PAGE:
Sometimes, even those toward whom you are favorably disposed cross a boundary and make you question how you'd ever thought kindly of them.
Granted, I've never felt completely warm and fuzzy about Hugo Chavez. True, I defended his right to live when Pat Robertson was ready to call out the Death Squads of Christ to Venezuela. And I did find Chavez's UN speech, in which he referred to Bush as a "demon" both entertaining and revealing.
But now he has crossed the line from socialist revolutionary to petty despot. He is taking over the businesses and the press of his country and turning them into state organs of profit and propaganda.
However you look at it, this is a brute force example of Stalinism. Hugo Chavez has crossed the line, and he had better step back quickly, or else he has taken the first step on the road to the destruction of his government and his former vision of a better, more just nation.
Who else is blaming the media for all his problems? Our buddy Paul Wolfowitz, who is just returning to his old employer's favorite fallback excuse: the liberal media is to blame for everything we do and for every seeming error we commit.
I've been fired a number of times in my career, and I have never had to sling shit or spit backwards at anyone in public over it. Where does this guy get off? He swung his main squeeze into a corporate cushion so he could more easily slap her up on the desktop whenever he felt like it during the day. And this is the media's fault?
This last one would be as funny as that, except that it's about an author I really do care a lot about. There are reports that the final Harry Potter tome is being printed in secret and amid darkness by employees who are under threat of immediate dismissal if they are caught reading, let alone copying, the text they are printing in a perpetual night of police-state fear.
If this is true (and if it's not, I blame the media), and Ms. Rowling is endorsing this insanity, then she too is setting herself up for a fall. This kind of obsession over plot, this compulsion over suspense, is what makes for bad stories--the kind we have not gotten from Rowling so far. Literature is not about what happens; it is about the meaning that each individual takes away from the story. Before I ever read Arundhati Roy's novel, The God of Small Things, I knew a lot about it, and I knew how it ended. But once I read it, it was just as beautiful and original as if I'd never heard about it before. I also remember seeing The Green Mile well before I read King's novel, and the book was still one of the most moving reads I've had in my life.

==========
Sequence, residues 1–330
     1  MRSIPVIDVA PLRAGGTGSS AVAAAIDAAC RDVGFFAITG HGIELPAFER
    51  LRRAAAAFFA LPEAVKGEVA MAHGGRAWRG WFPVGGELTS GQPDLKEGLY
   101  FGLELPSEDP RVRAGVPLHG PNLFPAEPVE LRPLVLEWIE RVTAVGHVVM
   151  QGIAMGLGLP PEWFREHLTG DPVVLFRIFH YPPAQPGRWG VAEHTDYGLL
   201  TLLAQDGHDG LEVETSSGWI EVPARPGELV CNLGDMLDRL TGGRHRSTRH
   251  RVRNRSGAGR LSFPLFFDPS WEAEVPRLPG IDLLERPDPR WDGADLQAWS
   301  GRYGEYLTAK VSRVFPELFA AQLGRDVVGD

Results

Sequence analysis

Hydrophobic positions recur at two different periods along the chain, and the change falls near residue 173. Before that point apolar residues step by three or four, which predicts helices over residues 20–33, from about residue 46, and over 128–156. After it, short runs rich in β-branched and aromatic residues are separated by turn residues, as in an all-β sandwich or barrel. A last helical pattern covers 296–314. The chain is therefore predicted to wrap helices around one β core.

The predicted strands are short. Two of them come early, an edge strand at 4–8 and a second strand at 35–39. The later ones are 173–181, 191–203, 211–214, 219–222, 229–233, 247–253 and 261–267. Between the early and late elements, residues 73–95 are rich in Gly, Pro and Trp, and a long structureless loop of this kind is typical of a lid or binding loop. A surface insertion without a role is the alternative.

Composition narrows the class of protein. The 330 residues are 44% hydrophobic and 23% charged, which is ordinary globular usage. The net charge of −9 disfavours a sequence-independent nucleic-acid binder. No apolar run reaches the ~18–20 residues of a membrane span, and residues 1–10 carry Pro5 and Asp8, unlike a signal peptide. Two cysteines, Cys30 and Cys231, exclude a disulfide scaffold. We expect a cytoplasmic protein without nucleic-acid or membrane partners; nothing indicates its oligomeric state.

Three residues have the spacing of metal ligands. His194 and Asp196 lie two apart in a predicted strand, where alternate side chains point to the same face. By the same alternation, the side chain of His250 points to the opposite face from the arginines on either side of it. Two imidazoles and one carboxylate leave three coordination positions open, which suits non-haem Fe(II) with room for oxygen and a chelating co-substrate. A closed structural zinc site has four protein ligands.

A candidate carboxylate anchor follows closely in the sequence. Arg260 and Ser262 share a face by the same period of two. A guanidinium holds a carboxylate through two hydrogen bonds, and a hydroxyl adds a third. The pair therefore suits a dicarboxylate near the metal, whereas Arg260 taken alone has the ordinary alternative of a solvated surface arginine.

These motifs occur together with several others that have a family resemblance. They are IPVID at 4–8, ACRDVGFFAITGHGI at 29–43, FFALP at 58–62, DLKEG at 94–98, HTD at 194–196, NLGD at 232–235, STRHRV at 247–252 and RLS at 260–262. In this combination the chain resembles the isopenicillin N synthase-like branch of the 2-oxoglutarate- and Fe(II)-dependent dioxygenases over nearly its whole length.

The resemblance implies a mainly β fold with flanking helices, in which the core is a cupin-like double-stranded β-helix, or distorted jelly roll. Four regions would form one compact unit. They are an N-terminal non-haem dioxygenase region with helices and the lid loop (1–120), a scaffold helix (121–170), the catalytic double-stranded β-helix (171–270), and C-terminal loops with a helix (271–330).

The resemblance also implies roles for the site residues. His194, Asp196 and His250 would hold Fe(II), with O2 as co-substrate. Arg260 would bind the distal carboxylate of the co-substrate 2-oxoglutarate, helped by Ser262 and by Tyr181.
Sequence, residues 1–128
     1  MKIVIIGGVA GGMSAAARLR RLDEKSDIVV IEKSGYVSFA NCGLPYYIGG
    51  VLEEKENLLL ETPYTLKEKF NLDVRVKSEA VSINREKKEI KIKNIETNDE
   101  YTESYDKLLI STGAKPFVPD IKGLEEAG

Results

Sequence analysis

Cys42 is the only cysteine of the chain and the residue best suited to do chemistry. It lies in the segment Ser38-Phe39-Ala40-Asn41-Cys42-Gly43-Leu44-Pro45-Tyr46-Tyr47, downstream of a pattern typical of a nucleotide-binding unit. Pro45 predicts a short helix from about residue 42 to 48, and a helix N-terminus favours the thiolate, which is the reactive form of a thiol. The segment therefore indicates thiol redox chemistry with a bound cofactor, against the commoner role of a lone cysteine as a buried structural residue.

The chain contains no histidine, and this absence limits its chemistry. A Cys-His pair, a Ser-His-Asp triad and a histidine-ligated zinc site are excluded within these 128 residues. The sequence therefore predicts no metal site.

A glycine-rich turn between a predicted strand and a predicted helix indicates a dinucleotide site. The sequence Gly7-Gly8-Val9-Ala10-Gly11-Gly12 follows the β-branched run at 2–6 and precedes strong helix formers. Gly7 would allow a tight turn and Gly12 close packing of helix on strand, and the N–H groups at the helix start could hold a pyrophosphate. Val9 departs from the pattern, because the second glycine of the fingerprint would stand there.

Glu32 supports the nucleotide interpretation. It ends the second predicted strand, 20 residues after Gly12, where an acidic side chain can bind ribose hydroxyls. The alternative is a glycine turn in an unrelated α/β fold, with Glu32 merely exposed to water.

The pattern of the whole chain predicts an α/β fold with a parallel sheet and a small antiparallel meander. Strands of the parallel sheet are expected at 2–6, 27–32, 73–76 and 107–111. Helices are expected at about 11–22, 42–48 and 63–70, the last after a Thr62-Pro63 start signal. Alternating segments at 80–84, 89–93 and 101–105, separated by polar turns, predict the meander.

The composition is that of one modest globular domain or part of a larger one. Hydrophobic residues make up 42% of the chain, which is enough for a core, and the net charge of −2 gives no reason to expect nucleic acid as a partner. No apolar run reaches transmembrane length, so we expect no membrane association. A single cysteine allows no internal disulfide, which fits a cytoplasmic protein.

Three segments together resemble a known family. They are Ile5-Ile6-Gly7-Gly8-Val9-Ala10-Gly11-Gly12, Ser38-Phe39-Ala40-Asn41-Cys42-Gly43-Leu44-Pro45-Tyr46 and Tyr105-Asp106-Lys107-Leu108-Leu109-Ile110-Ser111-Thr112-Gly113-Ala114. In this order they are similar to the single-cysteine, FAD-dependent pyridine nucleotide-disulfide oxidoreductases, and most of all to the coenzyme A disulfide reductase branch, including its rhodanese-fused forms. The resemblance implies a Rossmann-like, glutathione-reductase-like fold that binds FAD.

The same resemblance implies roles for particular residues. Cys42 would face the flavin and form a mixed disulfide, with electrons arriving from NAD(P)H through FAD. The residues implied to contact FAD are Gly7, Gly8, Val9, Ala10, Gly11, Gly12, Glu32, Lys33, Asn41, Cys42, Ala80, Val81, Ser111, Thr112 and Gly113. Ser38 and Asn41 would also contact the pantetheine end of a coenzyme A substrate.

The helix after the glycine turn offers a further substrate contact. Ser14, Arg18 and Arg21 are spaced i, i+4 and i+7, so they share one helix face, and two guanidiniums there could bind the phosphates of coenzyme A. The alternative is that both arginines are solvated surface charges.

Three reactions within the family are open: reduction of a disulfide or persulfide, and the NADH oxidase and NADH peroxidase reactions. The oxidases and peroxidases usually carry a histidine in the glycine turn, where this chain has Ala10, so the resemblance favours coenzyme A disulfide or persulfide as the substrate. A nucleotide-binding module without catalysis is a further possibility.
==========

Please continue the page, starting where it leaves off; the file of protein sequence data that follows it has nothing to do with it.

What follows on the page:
The same goes for Harry Potter: if you were to tell me everything that's going to be in this final book, I'd still read it and love it for its messages. In fact, I had seen the first movie before I read Harry Potter and the Sorcerer's Stone, and its metaphor fairly leaped off the page at me nonetheless. Two years later, I was writing my own book about the penetrating social and personal messages contained in these stories of wizards and witches.
Ms. Rowling: if you are going to go stir-crazy over information leaks from printers, it will degrade the quality of your future work. Let go and let this phenomenon take its own course, so that you can remain an artist and not lower yourself to the level of a plot-hack. You stand in the forefront of fiction writers today because your work causes affliction to demagogues like this kook. Why do you think Bishop Burke (who, in addition to hating Harry Potter, also hates Ted Kennedy, Sheryl Crow, and Michael J. Fox) wishes to suppress your work, Ms. Rowling? Could it be that when he looks at Lord Voldemort, he sees himself? Could it be that you successfully strip away the purple veneer of piety and reveal the rotting corruption beneath it? Could it have something to do with the way a "Ministry"—either of "magic" (religion) or of state (no KR reporters allowed on our plane)—manipulates and intimidates the press? Yes, you've laid that bare as well, in front of the most dangerous audience of all—the children. Voldemorts like Bush, Burke, and Chavez can't stand that kind of treatment, you know.
So it doesn't matter to me, Ms. Rowling, what we hear or when about the outcome or the plot of the final book. What matters is the meaning, which no one can "spoil," try as they might. I am far less concerned about whether Voldemort dies in Book 7 as I am about whether we can succeed in killing him off in our world, before it's too late.
And now, your Bush Administration MSE moment. We'll be presenting these quotations from one of the core texts of every psych graduate student's bookbag, The Psychiatric Mental Status Examination, by Paula T. Trzepacz and Robert W. Baker, throughout the coming weeks. Today's comes from page 51, in the "Mood and Affect" section—just think of the Bushian comedic "search" for WMDs at the Correspondents Dinner a few years back:
La Belle Indifference: Lack of the normally expected concern for an apparently serious condition...La belle indifference is associated with conversion disorder (previously known as hysteria) and various neurologic disorders. These patients typically lack insight regarding the emotions or conflict that underlie the conversion.